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Incorporating or forming an LLC in California can provide protection for your personal assets, increase your tax planning options, and enhance your prospects for business success. When you incorporate or form an LLC, the business becomes a separate legal entity, distinct from its owners, which means its owners typically are held responsible only for the amount of money personally invested or guaranteed. LLC or corporation provides additional credibility with lenders, potential customers, vendors, and employees, making it easier to obtain funding, goods, and talent. If your principal place of business is in California, you may find it most convenient to incorporate or form your LLC there.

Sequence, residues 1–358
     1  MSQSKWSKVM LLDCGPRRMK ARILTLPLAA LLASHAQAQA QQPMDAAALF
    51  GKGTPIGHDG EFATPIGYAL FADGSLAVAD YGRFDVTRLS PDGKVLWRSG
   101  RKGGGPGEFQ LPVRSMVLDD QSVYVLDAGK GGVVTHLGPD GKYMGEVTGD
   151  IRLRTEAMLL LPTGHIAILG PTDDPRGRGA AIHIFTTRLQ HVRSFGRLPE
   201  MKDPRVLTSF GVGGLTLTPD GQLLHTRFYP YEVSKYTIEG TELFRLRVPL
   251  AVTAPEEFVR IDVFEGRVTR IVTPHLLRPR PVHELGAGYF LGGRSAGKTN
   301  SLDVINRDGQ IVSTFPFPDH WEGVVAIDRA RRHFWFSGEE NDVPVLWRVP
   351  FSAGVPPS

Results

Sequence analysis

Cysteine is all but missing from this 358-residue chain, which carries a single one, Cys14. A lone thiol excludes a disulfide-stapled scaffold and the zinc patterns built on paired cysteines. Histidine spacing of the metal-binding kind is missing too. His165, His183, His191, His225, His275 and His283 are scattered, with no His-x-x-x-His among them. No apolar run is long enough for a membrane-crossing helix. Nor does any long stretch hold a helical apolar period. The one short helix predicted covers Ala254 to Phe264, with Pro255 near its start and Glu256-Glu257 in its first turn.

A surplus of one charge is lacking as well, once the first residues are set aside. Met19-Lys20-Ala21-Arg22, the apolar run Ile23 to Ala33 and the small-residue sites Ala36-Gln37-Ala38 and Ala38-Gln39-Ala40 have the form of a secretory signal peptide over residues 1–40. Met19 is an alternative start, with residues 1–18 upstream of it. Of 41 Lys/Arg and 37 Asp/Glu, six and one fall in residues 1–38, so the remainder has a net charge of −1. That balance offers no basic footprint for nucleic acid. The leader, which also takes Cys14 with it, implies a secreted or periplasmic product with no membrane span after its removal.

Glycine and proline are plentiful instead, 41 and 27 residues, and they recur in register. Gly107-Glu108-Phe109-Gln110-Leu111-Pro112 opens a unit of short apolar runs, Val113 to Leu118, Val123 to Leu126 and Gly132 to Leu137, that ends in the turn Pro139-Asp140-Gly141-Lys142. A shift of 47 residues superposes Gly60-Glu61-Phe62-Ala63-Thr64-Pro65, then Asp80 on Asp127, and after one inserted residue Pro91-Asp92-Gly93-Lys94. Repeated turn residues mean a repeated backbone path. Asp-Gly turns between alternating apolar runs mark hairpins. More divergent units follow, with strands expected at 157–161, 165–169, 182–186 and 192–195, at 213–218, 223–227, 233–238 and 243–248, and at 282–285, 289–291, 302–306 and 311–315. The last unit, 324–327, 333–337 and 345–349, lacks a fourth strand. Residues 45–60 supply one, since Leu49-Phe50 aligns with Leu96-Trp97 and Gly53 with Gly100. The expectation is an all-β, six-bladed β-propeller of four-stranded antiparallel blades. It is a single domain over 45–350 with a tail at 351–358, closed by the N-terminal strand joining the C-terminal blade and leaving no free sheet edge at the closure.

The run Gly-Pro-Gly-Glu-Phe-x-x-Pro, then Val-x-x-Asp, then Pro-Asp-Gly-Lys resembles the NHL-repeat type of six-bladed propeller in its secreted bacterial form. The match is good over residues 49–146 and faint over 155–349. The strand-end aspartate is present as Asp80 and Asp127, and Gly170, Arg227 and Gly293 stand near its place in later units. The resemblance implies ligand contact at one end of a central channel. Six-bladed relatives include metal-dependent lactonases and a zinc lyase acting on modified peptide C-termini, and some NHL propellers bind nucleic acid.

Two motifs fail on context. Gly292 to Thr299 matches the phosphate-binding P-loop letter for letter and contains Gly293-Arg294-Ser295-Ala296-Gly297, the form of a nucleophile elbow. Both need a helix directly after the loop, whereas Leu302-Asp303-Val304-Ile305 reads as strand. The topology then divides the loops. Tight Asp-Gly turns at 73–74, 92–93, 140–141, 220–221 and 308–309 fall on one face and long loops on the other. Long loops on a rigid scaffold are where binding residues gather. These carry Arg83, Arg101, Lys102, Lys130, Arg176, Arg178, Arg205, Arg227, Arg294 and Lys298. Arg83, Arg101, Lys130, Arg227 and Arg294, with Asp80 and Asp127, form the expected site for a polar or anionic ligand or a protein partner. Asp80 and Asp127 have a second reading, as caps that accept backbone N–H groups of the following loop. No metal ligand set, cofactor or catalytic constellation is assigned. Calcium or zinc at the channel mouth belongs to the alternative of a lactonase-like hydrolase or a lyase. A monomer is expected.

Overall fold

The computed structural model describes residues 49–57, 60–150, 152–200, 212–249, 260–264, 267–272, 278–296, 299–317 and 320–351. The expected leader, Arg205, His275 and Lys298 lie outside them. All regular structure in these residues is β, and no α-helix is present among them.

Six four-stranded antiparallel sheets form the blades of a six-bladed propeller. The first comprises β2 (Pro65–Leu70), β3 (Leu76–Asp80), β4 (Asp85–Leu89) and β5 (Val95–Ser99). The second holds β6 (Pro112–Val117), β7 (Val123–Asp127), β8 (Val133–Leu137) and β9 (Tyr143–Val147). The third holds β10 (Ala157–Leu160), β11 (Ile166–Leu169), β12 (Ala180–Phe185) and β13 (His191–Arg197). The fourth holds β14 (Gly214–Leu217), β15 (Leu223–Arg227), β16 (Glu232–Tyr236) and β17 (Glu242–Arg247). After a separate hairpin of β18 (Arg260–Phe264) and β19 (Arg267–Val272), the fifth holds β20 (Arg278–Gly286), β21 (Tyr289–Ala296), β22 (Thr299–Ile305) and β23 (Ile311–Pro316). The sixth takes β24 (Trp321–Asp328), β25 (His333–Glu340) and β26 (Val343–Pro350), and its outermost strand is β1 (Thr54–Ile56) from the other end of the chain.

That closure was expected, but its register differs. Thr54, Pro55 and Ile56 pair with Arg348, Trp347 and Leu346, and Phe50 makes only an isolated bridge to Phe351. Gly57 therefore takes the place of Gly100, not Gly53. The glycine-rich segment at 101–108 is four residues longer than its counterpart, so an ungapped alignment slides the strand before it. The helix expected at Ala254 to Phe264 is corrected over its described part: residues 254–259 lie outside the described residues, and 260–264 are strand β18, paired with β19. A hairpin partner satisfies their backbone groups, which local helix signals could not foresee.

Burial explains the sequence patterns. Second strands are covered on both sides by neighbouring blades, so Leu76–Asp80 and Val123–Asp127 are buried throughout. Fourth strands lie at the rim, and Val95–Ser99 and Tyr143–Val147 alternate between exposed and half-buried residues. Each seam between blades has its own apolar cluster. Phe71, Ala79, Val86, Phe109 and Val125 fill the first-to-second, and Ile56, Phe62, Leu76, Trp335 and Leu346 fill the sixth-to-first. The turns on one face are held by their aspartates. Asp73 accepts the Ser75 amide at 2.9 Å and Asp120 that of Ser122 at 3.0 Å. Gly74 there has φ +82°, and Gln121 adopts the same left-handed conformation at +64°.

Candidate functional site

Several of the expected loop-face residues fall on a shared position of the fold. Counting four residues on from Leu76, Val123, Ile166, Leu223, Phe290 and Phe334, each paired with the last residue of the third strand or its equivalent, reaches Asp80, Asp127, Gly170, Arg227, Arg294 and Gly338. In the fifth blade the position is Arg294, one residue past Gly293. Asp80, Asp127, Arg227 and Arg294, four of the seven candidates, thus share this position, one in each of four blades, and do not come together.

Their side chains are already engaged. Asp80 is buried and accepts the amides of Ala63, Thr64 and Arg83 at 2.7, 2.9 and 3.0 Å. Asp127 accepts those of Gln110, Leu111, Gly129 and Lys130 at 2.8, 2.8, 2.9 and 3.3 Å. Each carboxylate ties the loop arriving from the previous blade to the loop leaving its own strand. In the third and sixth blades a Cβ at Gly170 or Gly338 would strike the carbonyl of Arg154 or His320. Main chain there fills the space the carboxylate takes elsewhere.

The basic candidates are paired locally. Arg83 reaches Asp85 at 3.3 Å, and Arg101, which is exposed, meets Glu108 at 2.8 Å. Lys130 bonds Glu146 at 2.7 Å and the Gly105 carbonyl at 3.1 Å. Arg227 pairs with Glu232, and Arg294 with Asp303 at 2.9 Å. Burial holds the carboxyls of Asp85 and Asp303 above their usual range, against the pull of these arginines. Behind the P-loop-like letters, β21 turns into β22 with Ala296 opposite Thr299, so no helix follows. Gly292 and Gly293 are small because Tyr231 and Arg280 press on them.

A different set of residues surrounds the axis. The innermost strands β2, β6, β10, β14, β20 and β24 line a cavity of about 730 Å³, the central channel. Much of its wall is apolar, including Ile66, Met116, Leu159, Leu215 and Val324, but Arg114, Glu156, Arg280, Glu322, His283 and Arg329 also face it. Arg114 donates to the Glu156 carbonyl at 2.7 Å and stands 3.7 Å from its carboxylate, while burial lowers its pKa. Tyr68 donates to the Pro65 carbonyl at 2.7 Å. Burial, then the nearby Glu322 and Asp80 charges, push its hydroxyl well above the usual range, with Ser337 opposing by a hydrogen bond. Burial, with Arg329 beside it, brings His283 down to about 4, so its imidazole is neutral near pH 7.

To incorporate, California requires that you file Articles of Incorporation; LLCs must file Articles of Organization. Your business name can’t be deceptively similar to the name of another business operating in the state. While only close corporations need to include a corporate designator, all LLCs must include the phrase Limited Liability or an abbreviation. A corporation must state the number of authorized shares, while an LLC must indicate how it will be managed. Every California LLC and corporation must appoint and maintain an in-state Registered Agent. Be aware: California also requires that each corporation and LLC file an “Initial Report” within 90 days after filing the formation paperwork.
Are you considering forming a company in California. Learn about the requirements for the State of California.